44-47 Moses came and recited all the words of this song in the hearing of the people, he and Joshua son of Nun. When Moses had finished saying all these words to all Israel, he said, “Take to heart all these words to which I give witness today and urgently command your children to put them into practice, every single word of this Revelation. Yes. This is no small matter for you; it’s your life. In keeping this word you’ll have a good and long life in this land that you’re crossing the Jordan to possess.”

48-50 That same day God spoke to Moses: “Climb the Abarim Mountains to Mount Nebo in the land of Moab, overlooking Jericho, and view the land of Canaan that I’m giving the People of Israel to have and hold. Die on the mountain that you climb and join your people in the ground, just as your brother Aaron died on Mount Hor and joined his people.

51-52 “This is because you broke faith with me in the company of the People of Israel at the Waters of Meribah Kadesh in the Wilderness of Zin—you didn’t honor my Holy Presence in the company of the People of Israel. You’ll look at the land spread out before you but you won’t enter it, this land that I am giving to the People of Israel.”

The Blessing

33 1-5 Moses, man of God, blessed the People of Israel with this blessing before his death. He said,

God came down from Sinai,
    he dawned from Seir upon them;
He radiated light from Mount Paran,
    coming with ten thousand holy angels
And tongues of fire
    streaming from his right hand.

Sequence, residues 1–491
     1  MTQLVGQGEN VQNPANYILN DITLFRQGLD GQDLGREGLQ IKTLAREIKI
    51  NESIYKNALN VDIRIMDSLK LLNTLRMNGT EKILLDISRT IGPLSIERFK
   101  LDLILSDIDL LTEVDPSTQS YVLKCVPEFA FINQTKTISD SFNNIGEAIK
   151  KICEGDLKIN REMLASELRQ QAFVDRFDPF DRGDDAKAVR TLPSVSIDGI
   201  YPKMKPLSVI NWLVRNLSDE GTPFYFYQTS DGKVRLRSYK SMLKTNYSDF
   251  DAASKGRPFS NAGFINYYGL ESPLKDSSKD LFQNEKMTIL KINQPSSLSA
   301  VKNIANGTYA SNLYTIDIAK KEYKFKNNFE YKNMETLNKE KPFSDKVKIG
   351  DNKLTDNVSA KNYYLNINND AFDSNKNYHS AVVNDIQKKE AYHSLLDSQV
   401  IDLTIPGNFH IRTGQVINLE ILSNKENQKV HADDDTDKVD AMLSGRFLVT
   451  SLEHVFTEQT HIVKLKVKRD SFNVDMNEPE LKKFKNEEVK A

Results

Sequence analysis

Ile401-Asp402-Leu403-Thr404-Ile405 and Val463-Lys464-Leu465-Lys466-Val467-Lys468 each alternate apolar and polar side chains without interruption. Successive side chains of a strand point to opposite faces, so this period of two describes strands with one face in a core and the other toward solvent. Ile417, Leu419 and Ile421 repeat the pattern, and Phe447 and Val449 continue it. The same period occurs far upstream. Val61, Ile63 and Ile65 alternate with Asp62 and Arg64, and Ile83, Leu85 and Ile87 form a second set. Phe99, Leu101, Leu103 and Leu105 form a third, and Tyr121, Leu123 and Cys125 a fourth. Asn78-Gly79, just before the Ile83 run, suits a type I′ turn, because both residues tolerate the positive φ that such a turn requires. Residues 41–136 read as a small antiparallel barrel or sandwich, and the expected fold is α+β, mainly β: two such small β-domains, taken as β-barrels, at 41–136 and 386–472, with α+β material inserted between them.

Oh, how you love the people,
    all his holy ones are palmed in your left hand.
They sit at your feet,
    honoring your teaching,
The Revelation commanded by Moses,
    as the assembly of Jacob’s inheritance.
Thus God became king in Jeshurun
    as the leaders and tribes of Israel gathered.

Reuben:

“Let Reuben live and not die,
    but just barely, in diminishing numbers.”

Judah:

“Listen, God, to the Voice of Judah,
    bring him to his people;
Strengthen his grip,
    be his helper against his foes.”

8-11 Levi:

“Let your Thummim and Urim
    belong to your loyal saint;
The one you tested at Massah,
    whom you fought with at the Waters of Meribah,
Who said of his father and mother,
    ‘I no longer recognize them.’
He turned his back on his brothers
    and neglected his children,
Because he was guarding your sayings
    and watching over your Covenant.
Let him teach your rules to Jacob
    and your Revelation to Israel,
Let him keep the incense rising to your nostrils
    and the Whole-Burnt-Offerings on your Altar.
God bless his commitment,
    stamp your seal of approval on what he does;
Disable the loins of those who defy him,
    make sure we’ve heard the last from those who hate him.”

12 Benjamin:

God’s beloved;
    God’s permanent residence.
Encircled by God all day long,
    within whom God is at home.”

13-17 Joseph:

“Blessed by God be his land:
    The best fresh dew from high heaven,
    and fountains springing from the depths;
The best radiance streaming from the sun
    and the best the moon has to offer;
Beauty pouring off the tops of the mountains
    and the best from the everlasting hills;
The best of Earth’s exuberant gifts,